CHL teams are considered professional by the NCAA; thus any player who plays a game at the Major Junior level loses their eligibility to play for American universities. They retain eligibility for Canadian universities however, and all three leagues have programs in place to grant scholarships for any player who plays in these leagues provided they do not turn professional once their junior career ends. Many of the top North American prospects for the NHL play in the CHL.

The champion of each league competes in an annual tournament with a predetermined host team for the Memorial Cup, Canada's national Major Junior championship.

Up until 1970, the leagues that became Major Junior and Junior A today were both known as Junior A. In 1970 they were divided into Tier I Junior A or Major Junior A and Tier II Junior A. In 1980, the three Major Junior A leagues opted for self control over being controlled by the branches of the Canadian Amateur Hockey Association and became Major Junior hockey, Tier II Junior A became the top tier of hockey in these branches and became Junior A hockey.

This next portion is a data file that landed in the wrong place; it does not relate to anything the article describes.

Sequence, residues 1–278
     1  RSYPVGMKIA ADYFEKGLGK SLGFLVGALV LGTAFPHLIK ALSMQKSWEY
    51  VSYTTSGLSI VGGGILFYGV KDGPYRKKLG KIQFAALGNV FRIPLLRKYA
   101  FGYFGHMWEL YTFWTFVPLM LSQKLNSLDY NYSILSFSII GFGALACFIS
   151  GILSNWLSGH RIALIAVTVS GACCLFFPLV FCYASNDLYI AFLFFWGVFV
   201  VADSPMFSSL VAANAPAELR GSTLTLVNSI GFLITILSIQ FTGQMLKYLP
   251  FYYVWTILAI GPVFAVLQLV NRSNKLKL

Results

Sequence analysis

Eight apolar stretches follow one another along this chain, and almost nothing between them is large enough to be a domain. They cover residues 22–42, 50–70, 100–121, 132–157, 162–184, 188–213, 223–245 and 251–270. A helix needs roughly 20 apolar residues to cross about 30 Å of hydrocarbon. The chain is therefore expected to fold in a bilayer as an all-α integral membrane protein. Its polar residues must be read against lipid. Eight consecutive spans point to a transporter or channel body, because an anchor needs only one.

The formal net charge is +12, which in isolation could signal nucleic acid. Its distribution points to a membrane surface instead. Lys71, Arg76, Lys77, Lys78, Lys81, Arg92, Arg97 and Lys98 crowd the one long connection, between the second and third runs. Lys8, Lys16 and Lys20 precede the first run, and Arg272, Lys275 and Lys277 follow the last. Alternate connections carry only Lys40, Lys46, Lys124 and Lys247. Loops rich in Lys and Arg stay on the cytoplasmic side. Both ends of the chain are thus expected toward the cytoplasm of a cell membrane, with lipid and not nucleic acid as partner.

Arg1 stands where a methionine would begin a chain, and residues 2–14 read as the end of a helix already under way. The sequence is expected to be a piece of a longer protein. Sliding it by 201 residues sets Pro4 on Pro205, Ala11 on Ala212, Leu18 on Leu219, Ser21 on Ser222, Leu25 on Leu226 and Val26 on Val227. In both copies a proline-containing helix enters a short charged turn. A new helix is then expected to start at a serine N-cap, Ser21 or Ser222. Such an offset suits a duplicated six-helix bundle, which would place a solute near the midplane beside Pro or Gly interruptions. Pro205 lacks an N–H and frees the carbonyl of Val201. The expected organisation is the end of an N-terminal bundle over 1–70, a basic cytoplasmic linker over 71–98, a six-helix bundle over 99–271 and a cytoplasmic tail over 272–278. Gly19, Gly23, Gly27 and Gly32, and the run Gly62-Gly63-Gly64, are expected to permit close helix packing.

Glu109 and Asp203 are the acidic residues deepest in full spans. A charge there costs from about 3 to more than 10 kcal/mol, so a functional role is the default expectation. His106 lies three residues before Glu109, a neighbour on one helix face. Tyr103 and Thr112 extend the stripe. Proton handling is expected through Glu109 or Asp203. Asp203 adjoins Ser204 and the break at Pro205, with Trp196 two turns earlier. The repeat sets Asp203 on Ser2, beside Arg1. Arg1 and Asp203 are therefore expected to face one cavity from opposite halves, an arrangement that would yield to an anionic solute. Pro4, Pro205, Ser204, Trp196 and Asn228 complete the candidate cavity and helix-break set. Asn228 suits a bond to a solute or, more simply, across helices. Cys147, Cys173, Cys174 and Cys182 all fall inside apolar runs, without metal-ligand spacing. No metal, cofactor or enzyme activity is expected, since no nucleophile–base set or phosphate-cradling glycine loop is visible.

Junior A

Junior A hockey is one level below the CHL. Junior A was referred to as Tier II Junior A in the 1970s, until what was called Major Junior A broke away from their regional branches in 1980 and became the Canadian Hockey League and Major Junior hockey, at this time, the term Tier II was dropped from what is now Junior A hockey. It is governed by the Canadian Junior Hockey League, which oversees ten constituent leagues across Canada. The national championship is the Royal Bank Cup. This level of hockey was created in 1970 when the Major Junior level broke away from the Canadian Amateur Hockey Association, although the affiliation was later amended.